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TB/HIV Services in Zimbabwe: A Key Public Health Priority

Integrating TB/HIV Services in Zimbabwe: A Key Public Health Priority

Chief K Masimba Biriwasha
July 18, 2012

In Zimbabwe, there is a wide recognition of the need to integrate TB and HIV services but for people living with HIV (PLHIV), it is not evident, said Martha Tholanah, Coordinator of the International Community of Women Living with HIV (ICW) Zimbabwe Chapter. While Zimbabwe has made progress in implementing collaborative TB/HIV activities, much work still remains to be done to make them an integral part of the health service. Tholanah said that civil society in had also failed to spearhead the integration of TB and HIV in the country. “There is too much fragmentation. National AIDS Council (NAC) needs to strengthen coordination. I think we (CS) have always made much noise about demanding NAC to be accountable, but I do not think we have been accountable ourselves,” said Tholanah.

According to the International Union Against Tuberculosis and Lung Disease (The Union), in countries with a generalised AIDS epidemic, HIV infection remains the leading risk factor for the development of tuberculosis. In fact, TB is frequently the first opportunistic illness in people living with HIV, making TB services a critical entry point for HIV diagnosis and care. Early diagnosis, timely initiation of treatment for both diseases and careful monitoring are essential to treat TB in PLHs and identify HIV infection in people with TB.

Across sub-Saharan Africa, the dual epidemic of TB and HIV continues to be a major factor in morbidity and mortality among PLHIV, undermining efforts to prevent and control HIV. In Zimbabwe, it is estimated that approximately 80% of TB cases are co-infected with HIV. Among African nations, Zimbabwe is one of those most heavily affected by tuberculosis (TB). The deadly combination of TB and HIV epidemics is igniting a silent and uncontrollable epidemic of drug resistant TB that will negate previous national health gains.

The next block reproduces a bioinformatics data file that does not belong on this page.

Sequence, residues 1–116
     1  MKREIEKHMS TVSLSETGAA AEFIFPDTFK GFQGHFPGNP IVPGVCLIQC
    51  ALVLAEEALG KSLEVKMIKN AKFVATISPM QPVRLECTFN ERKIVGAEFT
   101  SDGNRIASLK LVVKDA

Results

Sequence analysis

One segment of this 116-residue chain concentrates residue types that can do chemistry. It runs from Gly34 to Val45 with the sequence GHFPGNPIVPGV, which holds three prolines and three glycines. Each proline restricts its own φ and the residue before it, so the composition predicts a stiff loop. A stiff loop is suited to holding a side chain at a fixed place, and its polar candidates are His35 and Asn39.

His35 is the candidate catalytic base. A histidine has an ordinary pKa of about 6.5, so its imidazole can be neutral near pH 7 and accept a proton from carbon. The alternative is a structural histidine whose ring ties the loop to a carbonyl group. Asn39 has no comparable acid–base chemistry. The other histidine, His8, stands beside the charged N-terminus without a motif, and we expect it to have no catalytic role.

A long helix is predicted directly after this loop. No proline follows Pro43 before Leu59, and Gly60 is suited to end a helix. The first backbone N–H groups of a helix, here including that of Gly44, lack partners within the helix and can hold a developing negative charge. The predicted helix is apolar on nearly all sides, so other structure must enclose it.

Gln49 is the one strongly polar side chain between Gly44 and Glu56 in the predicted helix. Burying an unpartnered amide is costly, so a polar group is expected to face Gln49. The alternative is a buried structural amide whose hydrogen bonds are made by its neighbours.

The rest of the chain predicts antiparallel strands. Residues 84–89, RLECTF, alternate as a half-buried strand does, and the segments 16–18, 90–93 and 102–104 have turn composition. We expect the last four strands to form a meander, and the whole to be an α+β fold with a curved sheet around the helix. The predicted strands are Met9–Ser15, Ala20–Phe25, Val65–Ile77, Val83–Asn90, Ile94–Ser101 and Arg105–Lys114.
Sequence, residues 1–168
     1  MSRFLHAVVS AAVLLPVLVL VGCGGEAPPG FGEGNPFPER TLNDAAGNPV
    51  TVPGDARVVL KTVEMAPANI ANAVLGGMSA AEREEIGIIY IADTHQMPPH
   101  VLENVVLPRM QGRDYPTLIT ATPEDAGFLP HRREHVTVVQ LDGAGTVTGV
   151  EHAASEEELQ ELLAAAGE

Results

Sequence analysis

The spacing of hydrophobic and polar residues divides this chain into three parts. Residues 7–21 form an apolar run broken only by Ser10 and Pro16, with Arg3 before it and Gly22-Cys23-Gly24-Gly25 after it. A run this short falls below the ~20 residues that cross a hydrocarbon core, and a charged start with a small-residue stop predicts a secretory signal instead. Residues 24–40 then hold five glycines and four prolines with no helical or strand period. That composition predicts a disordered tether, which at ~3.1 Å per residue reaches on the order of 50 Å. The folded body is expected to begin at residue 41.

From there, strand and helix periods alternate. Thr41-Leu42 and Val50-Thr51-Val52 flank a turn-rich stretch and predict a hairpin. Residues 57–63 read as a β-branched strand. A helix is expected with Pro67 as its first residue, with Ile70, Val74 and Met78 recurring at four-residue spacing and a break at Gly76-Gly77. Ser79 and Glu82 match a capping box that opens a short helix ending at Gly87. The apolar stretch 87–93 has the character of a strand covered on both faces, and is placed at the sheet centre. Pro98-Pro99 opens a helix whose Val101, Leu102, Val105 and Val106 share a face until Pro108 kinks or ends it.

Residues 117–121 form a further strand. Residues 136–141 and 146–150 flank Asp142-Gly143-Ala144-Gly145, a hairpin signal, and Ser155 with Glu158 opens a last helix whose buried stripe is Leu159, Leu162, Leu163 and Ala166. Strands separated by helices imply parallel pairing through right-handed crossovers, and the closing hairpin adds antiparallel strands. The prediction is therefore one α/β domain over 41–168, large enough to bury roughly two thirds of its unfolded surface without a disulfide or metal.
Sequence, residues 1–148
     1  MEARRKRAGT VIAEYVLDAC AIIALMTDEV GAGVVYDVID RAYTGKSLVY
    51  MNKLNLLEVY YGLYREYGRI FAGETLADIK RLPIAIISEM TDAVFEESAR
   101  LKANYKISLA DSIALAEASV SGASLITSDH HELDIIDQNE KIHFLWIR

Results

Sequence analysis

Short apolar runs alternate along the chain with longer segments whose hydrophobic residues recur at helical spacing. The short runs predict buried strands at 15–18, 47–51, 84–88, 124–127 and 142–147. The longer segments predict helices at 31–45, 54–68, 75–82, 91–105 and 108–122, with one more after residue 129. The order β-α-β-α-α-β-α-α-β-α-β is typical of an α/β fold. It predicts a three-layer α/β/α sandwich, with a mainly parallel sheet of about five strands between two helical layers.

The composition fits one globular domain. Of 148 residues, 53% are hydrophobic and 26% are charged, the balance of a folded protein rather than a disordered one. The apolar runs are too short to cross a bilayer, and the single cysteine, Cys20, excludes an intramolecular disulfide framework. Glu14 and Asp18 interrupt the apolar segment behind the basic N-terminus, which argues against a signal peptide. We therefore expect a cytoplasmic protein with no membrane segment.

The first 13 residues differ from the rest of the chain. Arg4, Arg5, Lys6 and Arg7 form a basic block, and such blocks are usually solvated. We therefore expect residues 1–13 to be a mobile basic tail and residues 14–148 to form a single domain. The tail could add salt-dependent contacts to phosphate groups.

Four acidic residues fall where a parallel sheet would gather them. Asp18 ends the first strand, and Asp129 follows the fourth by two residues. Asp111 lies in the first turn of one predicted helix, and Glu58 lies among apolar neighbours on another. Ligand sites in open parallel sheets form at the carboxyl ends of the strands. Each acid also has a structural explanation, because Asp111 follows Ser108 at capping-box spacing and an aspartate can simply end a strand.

The 2009 Global Tuberculosis Control Report from the World Health Organization (WHO) ranks Zimbabwe 17th among 22 countries worldwide with the highest TB burden. Zimbabwe had an estimated 71,961 new TB cases in 2007, with an estimated incidence rate of 539 cases per 100,000 population. Against this background, Tholanah added that civil society in Zimbabwe needs to be more accountable in order to enhance the TB/HIV integration.

“I think if we had been accountable we would have been able to report to NAC and AIDS and TB Unit on our activities. As civil society, we should be able to see the two complementing and working closely together and not having this huge imbalance in terms of resources. We also have not made much noise about the 15% Abuja Declaration of 2001,” she said.

Dr Riitta Dlodlo, Dr Riitta Dlodlo, TB-HIV programme coordinator and a representative of The Union on the Stop TB Partnership's TB/HIV Working Group said that though HIV prevalence is decreasing in the country, TB continues to a major health threat among PLHIV.

“The HIV prevalence in the reproductive aged general population in our country is decreasing. However, all persons living – presently - with an HIV infection face an increased risk of developing active TB disease. Even persons who are on effective ART have a higher risk of TB than an HIV-negative person (though of course, the risk is lower than in a PLHIV who is not on ART). We need to expand integrated TB HIV services and sustain them for years to come” said Dlodlo to Citizen News Service (CNS). Dlodlo also bemoaned the lack of comprehensive TB/HIV services in Zimbabwe.

“If one resides in Bulawayo, one is truly lucky because the network of decentralised and integrated TB HIV services is very well ‘developed’: at least nine of the 19 municipal clinics provide ART initiation services in addition to ART follow up and of course, there are Mpilo and UBH OI/ART clinics. TB diagnostic and treatment services were decentralised to all clinics almost 20 years ago,” she said.

“Unfortunately, other large cities may not have reached this stage yet. For example, in Harare, only one (out of 12) polyclinics has years long experience in ART initiation. This is the polyclinic in Mabvuku. If one lives in rural areas, some districts are more advanced than the others in this regard.”

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Chief K Masimba Biriwasha serves as Editor-in-Chief of iZimbabwe, born in Zimbabwe, is a children's writer, poet, playwright, journalist, social activist and publisher. He has extensively written on health for Citizen News Service (CNS). His first published book, 'The Dream Of Stones', was awarded the Zimbabwe National Award for Outstanding Children's Book for 2004. Website: www.citizen-news.org

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